If, on the other hand, it takes more than an hour for the water to settle, this indicates that the effluent is not infiltrating quickly enough, which might result in backflow difficulties.

The findings of the percolation test, as well as the layout of the various components of your property, will be used by the engineer to provide recommendations on the type of system to use and how to install it.

Steps followed when building a leach field

  • The moment has come to start digging the trenches after all of the testing have been performed and the building plan has been finalized and approved by the project team. The number of trenches that will need to be built depends on the size of the septic tank and the volume of wastewater that will be released into the leaching field throughout the construction process. Each trench should have the same breadth as the others (approximately 3-4 feet). In addition, the ditches should have a modest downhill slope to them. Following the excavation of the trenches, they should be filled with crushed stone. The crushed stone bed should be at least one to one and a half inches thick and evenly distributed throughout the ditches. This procedure is critical because it enables for more effective drainage of the effluent under the perforated pipes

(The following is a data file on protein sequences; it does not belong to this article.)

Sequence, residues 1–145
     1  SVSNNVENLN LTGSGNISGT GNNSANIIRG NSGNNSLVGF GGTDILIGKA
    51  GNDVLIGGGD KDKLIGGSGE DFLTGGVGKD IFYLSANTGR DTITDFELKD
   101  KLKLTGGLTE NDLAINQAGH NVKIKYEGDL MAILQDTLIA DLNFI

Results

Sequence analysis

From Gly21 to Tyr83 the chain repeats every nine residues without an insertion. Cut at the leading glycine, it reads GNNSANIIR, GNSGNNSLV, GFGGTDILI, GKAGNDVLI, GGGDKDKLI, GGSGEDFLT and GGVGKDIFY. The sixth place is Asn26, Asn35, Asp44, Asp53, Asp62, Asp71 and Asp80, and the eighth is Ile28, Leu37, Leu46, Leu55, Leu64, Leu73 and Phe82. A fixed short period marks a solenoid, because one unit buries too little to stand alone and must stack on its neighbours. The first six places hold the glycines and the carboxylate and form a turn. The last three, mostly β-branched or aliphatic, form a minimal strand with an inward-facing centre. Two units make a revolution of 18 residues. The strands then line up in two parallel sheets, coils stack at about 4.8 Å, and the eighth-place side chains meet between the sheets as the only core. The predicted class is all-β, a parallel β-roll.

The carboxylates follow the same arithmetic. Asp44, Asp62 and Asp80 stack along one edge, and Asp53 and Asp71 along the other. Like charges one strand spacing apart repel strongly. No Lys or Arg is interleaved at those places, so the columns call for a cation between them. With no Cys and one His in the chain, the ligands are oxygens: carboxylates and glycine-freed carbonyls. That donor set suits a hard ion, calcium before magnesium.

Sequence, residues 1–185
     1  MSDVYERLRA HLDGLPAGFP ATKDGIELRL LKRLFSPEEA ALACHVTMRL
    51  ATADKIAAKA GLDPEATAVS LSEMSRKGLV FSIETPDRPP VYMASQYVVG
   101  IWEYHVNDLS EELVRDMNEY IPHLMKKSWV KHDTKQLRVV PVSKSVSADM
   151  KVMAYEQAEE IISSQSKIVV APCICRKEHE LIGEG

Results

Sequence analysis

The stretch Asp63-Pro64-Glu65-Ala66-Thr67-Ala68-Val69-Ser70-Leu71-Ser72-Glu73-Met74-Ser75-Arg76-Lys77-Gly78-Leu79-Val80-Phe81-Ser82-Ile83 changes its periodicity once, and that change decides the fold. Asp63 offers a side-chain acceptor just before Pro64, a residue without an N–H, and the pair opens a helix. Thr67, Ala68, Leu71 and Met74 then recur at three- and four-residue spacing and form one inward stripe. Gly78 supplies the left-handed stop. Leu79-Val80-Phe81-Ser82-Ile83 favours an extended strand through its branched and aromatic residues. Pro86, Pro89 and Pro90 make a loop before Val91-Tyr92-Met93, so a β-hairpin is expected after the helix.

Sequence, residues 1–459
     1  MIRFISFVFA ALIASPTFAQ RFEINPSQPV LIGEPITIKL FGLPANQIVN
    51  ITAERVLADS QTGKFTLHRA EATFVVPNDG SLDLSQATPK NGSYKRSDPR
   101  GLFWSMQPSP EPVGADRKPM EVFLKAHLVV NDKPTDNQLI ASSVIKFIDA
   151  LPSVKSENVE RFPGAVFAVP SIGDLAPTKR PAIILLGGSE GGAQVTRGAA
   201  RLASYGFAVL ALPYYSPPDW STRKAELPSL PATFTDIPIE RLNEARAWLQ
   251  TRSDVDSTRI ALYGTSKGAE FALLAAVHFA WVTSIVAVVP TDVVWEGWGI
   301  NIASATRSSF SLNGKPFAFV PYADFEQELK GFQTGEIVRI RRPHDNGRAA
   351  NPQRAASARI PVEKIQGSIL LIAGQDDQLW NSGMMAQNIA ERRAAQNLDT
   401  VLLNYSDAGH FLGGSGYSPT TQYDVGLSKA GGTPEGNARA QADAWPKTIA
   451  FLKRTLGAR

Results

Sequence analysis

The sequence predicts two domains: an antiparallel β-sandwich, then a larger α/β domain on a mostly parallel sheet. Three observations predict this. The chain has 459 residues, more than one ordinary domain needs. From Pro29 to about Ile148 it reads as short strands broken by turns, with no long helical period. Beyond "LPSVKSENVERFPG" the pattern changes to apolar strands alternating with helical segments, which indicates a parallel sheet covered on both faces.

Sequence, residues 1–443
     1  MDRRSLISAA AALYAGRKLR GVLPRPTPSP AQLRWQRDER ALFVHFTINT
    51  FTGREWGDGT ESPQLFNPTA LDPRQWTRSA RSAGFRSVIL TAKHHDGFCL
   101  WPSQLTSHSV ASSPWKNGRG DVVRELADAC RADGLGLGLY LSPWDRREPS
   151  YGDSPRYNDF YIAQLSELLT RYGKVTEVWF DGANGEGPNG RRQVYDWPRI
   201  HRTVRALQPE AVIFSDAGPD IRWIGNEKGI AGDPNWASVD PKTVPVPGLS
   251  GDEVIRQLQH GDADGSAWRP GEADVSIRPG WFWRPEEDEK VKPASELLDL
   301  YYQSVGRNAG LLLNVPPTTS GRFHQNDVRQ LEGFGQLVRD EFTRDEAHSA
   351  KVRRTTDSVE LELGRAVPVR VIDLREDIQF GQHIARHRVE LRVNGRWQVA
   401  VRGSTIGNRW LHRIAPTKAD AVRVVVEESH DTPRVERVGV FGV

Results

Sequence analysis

• Nevertheless, it is not required. The perforated pipes are then laid on top of a bed of crushed stone to allow for proper drainage. Crushed stone is then placed on top of the perforated pipes to ensure that they are securely attached — enough to prevent them from moving or getting misaligned over time. A layer of crushed stone between 1 and 3 inches thick should enough.
  • Following that, a geotextile membrane is laid over the crushed stones. When the membrane is in place, soil or dirt cannot slip between the crushed stones and cause a blockage in the leaching bed. If you haven’t already, install a drain line from the septic tank to the leach field pipes. Finally, the trenches are filled with dirt to make them more level and to make the surface of the leach field more consistent in appearance. After that, you may cover the area with a covering of grass. And, at all costs, avoid planting anything else in or near this part of the yard.

How long does a septic leach field last?